Antisocial behavior has reached pandemic levels. Disruptive air passengers hit flight attendants. Thugs attack Asians, gays and other minority groups. Criminals have become more brazen as they bring violence to the streets and into American politics, as evidenced by the savage invasion of Capitol Hill on January 6.
Mental illness is clearly at the root of many of these disturbing trends, with cracks widening during the scourge of COVID-19. The pandemic deprived many in the community of personal interaction and, for those on the verge of mental depression, in-person mental health services they relied on or needed.
The American system of support for good mental health was never strong to begin with. The 2008 Mental Health Parity and Addiction Equity Act helped expand coverage, but obtaining insurance to pay for treatment of serious psychiatric problems remains problematic.
And the need has grown. From March to October last year, hospital emergency rooms saw an increase in the number of patients seeking urgent psychiatric care, according to JAMA Psychiatry. The numbers were much lower during the same months of 2019, just before the pandemic hit. The crises ranged from suicide attempts to drug and opioid overdoses to partner and child abuse.
Last year, one-third of American adults exhibited symptoms of clinical anxiety or depression, according to the US Census Bureau. This was up from 11% in previous years.
Many insurgents on Capitol Hill had a history of mental illness and associated social dysfunction. We made fun of several.
Eric Munchel of Nashville, Tennessee, who brought restraints on his hands, legs and arms to Capitol Hill, has been dubbed the “tie guy.”
In fact, Munchel had been accused of assaulting a man and a woman in 2013. Recently dismissed from his job in a bar, he entered the Capitol costumed in paramilitary clothes, his mother by his side.
Sean McHugh of Auburn, Calif., Who attacked Capitol Hill police with a chemical spray, accused the police of “protecting pedophiles.” Turns out McHugh served time for rape of a 14-year-old girl.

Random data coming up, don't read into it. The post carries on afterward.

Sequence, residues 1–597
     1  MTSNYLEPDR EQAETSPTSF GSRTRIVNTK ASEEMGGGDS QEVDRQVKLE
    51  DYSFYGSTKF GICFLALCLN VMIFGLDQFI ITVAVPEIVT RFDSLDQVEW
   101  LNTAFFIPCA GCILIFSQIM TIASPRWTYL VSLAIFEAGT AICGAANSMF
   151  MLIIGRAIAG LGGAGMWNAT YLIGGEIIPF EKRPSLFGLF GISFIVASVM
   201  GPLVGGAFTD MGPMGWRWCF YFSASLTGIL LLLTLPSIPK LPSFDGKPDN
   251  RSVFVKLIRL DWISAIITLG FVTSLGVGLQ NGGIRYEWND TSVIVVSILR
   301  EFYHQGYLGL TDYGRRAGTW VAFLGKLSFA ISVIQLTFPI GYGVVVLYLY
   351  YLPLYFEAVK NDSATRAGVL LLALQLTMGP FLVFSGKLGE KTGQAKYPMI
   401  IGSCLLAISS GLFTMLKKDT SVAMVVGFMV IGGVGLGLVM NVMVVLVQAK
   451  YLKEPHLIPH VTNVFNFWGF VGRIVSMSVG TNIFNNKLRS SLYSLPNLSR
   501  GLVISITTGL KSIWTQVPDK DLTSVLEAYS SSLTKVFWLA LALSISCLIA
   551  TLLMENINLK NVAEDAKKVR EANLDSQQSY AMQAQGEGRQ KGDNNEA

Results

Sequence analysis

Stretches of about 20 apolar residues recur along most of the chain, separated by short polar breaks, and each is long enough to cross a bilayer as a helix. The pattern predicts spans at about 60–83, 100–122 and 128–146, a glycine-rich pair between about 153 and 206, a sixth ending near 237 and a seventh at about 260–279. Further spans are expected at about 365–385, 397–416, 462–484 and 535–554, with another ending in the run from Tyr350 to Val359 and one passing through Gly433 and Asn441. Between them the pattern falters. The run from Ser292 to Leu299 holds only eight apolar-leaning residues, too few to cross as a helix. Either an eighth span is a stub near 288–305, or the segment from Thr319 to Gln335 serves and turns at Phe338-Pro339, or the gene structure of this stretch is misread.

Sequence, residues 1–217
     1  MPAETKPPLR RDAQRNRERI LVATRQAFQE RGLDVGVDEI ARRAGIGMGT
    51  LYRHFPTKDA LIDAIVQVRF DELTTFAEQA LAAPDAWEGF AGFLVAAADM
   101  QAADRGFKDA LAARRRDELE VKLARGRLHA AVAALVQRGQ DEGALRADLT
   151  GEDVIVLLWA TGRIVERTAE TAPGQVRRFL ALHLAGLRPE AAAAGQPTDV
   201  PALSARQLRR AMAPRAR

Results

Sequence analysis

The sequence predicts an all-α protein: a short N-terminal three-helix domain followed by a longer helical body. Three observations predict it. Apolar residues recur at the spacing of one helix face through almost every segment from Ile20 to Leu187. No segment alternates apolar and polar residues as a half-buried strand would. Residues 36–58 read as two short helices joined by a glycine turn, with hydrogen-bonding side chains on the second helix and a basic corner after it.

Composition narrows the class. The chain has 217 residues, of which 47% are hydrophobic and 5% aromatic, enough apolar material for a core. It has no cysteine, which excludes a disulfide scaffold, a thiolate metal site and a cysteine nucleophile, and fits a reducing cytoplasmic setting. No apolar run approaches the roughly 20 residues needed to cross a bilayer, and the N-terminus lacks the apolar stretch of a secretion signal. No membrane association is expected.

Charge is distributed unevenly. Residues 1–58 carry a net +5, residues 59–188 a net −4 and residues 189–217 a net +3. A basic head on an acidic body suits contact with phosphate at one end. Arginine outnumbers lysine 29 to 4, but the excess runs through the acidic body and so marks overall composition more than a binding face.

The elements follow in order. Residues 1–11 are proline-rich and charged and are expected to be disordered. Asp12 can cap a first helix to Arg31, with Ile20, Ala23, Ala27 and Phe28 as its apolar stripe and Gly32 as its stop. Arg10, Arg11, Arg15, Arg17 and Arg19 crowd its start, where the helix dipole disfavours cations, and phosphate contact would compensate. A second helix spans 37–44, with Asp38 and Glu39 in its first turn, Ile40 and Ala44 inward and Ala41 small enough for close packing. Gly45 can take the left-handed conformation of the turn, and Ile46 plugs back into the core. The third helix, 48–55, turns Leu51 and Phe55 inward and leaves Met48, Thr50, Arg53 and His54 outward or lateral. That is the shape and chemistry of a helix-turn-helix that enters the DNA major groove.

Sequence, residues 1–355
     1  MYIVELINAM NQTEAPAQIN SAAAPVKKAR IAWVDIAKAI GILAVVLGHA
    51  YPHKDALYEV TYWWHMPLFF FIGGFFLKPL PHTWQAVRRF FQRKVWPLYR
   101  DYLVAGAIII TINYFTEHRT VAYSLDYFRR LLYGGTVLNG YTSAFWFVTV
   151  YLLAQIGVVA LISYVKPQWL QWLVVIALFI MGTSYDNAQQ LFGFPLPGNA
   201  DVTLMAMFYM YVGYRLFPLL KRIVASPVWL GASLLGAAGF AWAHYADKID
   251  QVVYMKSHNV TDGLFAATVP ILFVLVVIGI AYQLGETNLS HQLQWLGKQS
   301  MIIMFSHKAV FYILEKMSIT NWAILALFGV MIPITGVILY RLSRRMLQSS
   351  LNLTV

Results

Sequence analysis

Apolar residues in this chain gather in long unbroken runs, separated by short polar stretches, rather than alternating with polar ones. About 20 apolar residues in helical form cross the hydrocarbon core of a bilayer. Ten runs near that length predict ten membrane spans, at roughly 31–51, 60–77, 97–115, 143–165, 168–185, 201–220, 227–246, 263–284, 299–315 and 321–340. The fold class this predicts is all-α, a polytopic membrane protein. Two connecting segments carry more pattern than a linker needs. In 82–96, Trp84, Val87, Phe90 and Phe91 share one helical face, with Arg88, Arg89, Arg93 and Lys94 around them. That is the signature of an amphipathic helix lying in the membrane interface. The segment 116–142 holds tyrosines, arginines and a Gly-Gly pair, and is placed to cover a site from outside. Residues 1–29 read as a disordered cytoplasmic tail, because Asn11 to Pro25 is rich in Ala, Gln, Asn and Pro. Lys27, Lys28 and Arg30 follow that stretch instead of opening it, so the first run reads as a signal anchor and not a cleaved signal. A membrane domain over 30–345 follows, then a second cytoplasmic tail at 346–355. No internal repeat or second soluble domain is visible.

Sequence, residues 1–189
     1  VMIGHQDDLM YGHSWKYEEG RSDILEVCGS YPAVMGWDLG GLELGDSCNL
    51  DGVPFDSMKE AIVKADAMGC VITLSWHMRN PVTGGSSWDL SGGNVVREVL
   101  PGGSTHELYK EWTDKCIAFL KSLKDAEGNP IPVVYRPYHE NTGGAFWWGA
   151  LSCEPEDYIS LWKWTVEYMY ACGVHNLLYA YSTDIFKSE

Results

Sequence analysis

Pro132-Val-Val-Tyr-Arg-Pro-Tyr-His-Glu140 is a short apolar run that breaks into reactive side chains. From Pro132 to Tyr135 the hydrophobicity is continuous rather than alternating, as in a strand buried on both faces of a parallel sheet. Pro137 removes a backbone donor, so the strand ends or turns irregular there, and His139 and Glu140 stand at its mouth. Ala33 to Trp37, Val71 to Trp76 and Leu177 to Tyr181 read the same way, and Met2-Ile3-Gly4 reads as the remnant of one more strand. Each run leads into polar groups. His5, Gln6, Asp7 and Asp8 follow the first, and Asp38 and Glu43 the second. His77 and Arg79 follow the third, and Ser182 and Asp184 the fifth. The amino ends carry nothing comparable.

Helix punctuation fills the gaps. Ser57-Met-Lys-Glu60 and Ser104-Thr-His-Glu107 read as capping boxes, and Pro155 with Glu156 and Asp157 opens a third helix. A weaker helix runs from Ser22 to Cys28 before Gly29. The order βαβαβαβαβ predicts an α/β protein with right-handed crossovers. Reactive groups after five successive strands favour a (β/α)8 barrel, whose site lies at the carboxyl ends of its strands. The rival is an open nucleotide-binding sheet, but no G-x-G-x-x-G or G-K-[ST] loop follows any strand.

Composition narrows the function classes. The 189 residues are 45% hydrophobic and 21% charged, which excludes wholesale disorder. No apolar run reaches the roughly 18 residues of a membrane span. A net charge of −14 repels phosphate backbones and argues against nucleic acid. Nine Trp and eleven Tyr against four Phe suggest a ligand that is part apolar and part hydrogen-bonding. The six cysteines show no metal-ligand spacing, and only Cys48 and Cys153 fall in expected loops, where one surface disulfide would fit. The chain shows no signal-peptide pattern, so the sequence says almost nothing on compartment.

Rosanne Boyland was initially thought to have been crushed to death in the vandal rush, but the medical examiner concluded that the Georgia resident had died of an amphetamine overdose. Boyland had a history of drug use, including one felony drug possession charge. The pandemic has cut off his in-person group meetings with drug addicts.
When you look at some of the creeps that had attacked Asians, you find something more than the usual racial animus. For example, the homeless man seen visibly stomping a 65-year-old woman of Filipino descent in New York City is black. He was on parole for killing his mother in front of his 5-year-old sister.
Another homeless man with 90 previous arrests has been accused of slashing a gay man. Both the criminal and the victim were Latinos.
You see the madness on the faces of airline passengers who are having temper tantrums demanding that they wear masks. Videos show the protesters, usually women, making loud and self-righteous positions for their right to break the rules. No matter how normal these disruptors dress, they give off the appearance of deranged.
The mission here is not to solve the lack of psychiatric services for those who are barely hanging on. Others can do it better. Rather, it is to note that fragile psyches often hide under the growth of appalling behavior. And a society plagued by the fraying of social ties will suffer more.
We now have a devilish mix of social isolation and extremist rhetoric that some use to lend an air of respectability to their delusions. Social services that control mentally unbalanced people need to be strengthened – and soon.
Follow Froma Harrop on Twitter @FromaHarrop.